Author: Michelle M. Pillow
Series: Lords of the Abyss #2
For: Lovers of merfolk, crazy pets, and a love that overcomes everything
Genres: Paranormal Romance, Fantasy romance
Publication details: July 10th, 2010 by Raven Books
Format: Kindle edition, 160 pages
All images link back to their respective Goodreads page
Terminally ill, Cassandra Nevin has come to the ocean to live out her days on a boat with a bunch of scientists who don’t even know she’s sick–or that she’s not even a scientist. When something from the depths of the abyss attacks their boat, leaving her to drown, she knows it’s her time. But then the unimaginable happens–she lives.
Iason the Hunter doesn’t understand why the woman he’s trying to save from death seems insistent he save anyone but her. Duty bound to try and rescue whoever he can; he takes the woman into Deep Ocean, to his home beneath the waves. But it would seem a watery grave wasn’t the only thing threatening his new charge’s life. To try and save her from her illness would mean possible disgrace and being banned from ever swimming in the ocean again. But what else can he do? From the first moment he saw her, she had command over his heart.
Rating: Contains graphic sexual content, adult language, and violence.
Much better. Commanding the Tides is the saving grace of the Lords of the Abyss trilogy in my opinion. The Mighty Hunter was bad, Captive of the Deep (book 3, currently unfinished) is just as bad but Commanding the Tides is in the right position of second; it’s perfectly placed.
Commanding the Tides follows the story of Iason the Hunter and Cassandra Nevin as they overcome various obstacles that are thrown in their paths. The biggest obstacle they overcome has got to be the fact that Cassie is terminally ill with cancer – cancer is a sore subject with me and I find on occasion the mention of it in books hard to take but Michelle wrote this novella perfectly.
There wasn’t a huge over-mentioning of the cancer in and of itself but there was a shadowing of it, I think that due to this knowledge, Cassie’s character was a lot more likeable – she threw the majority of her caution to the wind, accepted (to a degree) the situation of cursed merfolk, pissed off gods and crazy mermaids with a God complex and succeeded in falling in love with her rescuer.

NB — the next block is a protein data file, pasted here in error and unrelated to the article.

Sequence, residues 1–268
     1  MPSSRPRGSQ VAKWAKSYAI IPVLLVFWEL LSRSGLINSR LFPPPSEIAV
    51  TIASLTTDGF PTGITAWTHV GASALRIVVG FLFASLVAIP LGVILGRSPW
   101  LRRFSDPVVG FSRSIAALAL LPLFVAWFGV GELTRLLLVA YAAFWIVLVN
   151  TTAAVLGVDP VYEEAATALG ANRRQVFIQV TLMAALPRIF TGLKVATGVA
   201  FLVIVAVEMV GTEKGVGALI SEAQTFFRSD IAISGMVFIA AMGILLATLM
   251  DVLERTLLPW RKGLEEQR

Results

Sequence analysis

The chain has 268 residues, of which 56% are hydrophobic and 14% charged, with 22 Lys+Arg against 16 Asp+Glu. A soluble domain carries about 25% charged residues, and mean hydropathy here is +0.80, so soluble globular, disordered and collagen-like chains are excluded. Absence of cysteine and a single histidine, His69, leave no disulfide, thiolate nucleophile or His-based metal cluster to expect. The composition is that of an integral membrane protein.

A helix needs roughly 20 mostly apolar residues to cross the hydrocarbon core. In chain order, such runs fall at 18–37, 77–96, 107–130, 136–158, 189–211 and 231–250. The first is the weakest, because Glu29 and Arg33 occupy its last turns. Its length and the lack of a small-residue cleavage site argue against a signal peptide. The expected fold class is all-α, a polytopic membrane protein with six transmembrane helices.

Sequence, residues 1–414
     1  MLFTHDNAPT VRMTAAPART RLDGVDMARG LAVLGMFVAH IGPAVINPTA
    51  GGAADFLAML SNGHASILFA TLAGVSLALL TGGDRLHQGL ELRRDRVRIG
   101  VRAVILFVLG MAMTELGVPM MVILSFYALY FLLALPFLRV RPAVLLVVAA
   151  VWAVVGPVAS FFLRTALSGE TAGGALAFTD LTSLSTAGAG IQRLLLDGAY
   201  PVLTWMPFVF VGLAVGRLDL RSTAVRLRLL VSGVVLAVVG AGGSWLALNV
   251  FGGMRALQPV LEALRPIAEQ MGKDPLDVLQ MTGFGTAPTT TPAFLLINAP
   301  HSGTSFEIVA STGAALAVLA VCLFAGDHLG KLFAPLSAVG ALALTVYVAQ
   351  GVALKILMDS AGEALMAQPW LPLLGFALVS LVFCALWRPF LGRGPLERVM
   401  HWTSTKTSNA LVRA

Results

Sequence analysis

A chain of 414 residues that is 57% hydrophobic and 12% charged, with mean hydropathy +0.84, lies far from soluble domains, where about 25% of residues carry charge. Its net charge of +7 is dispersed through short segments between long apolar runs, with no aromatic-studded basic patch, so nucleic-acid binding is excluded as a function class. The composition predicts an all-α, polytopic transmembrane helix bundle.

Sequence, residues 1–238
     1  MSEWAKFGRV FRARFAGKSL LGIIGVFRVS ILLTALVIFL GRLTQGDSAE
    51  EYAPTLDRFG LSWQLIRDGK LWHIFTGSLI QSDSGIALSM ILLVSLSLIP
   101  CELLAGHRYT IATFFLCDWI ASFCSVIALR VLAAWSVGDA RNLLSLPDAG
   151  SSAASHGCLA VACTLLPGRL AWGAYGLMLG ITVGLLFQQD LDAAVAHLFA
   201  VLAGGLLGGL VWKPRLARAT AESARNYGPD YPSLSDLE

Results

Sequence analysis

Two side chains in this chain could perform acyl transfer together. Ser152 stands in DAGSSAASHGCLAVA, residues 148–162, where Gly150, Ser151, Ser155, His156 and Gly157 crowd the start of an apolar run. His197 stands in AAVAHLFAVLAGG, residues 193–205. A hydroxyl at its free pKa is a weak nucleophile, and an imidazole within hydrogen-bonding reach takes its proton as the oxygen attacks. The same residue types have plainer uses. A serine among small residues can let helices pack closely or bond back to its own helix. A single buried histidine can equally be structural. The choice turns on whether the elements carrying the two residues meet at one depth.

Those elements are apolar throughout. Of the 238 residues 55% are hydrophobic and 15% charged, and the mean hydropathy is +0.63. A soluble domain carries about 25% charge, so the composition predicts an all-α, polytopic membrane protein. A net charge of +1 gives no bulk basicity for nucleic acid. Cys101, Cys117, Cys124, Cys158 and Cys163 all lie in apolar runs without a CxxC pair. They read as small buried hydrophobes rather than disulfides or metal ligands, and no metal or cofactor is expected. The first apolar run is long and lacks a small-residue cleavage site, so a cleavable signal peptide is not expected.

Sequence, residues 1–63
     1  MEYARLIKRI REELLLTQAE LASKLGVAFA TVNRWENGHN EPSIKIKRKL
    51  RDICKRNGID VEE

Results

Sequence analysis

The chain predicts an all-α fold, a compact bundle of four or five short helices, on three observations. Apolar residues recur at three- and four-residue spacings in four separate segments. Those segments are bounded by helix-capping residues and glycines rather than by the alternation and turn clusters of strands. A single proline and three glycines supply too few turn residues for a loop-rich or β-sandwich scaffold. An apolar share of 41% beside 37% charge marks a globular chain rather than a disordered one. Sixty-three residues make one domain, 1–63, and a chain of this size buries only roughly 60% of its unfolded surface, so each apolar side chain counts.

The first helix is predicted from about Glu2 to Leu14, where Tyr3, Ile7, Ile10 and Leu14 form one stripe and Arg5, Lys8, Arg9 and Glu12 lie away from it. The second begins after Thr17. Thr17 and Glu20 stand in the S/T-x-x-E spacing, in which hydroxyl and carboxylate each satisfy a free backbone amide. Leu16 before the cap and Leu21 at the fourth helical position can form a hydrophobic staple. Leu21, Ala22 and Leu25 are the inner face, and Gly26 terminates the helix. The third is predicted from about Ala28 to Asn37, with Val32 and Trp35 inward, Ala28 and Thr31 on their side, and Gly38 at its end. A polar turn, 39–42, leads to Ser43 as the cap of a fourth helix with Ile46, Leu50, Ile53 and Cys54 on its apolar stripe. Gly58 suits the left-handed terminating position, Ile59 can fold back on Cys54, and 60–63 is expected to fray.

Cassie is supposedly a scientist also as she was on the same boat as Bridget but I got right away that she wasn’t a scientist, she just didn’t give me the right vibe. She comes across as quite meek and quite fragile – when you consider that she’s dying, it’s quite a good likeness of character – but on the other hand she also has her strengths as anybody does.
Iason the Hunter is just that a hunter. He’s just like Caderyn from the previous book, only he willingly puts his reputation and his life on the line by breaking the laws of the Merr. It’s all very sweet. Throughout this novella Iason does everything he can to make Cassie better, including taking on the illness himself as evident by the aches he gets when he takes her pain away.
What I forgot to mention in my previous review is that the survivors of the ship wrecks, if they survive the trip down to the Abyss they also become Merr. I don’t know about you, but it’d be pretty cool to be an immortal mermaid despite the fact that I can never got to the surface for fear of dying.
There’s the traditional HEA that her work always contains and the characters were much easier to get along with. The relationship between Iason and Cassie builds slowly but it burns hot, and there are extra obstacles (in the form of crazy mermaids with god complexes) that get in the way of them – the only thing I didn’t really like was the lack of communication between the pair. Cassie refused to let Iason get a word in when he was trying to explain to her that she’d become a mermaid too as well as the fact that he loved her because (and this is so sweet) she didn’t want him to fall in love with her only to lose her.
Did I mention that she spent the majority of their conversations believing him to be insane and just agreed with him to humour him?
Overall, the writing style in this novella was much better than the previous and was on track with Michelle’s other works. All of the books by Michelle I’ve read they all follow the same style – the next in the series is happening at the same time as the first in the series but from a different point of view, on occasion this means that things are repeated but it’s a case of if you haven’t read the first one then it won’t bother you. They’re series based but also can be read as standalones because what has happened to get the characters to where they are is explained.
I found little to dislike in this novella but I couldn’t push it up to the 5 star mark because it just wasn’t long enough to keep me fully immersed in the story. It was quite short at only 160 pages but they were classic Michelle and I enjoyed this instalment much better than The Mighty Hunter.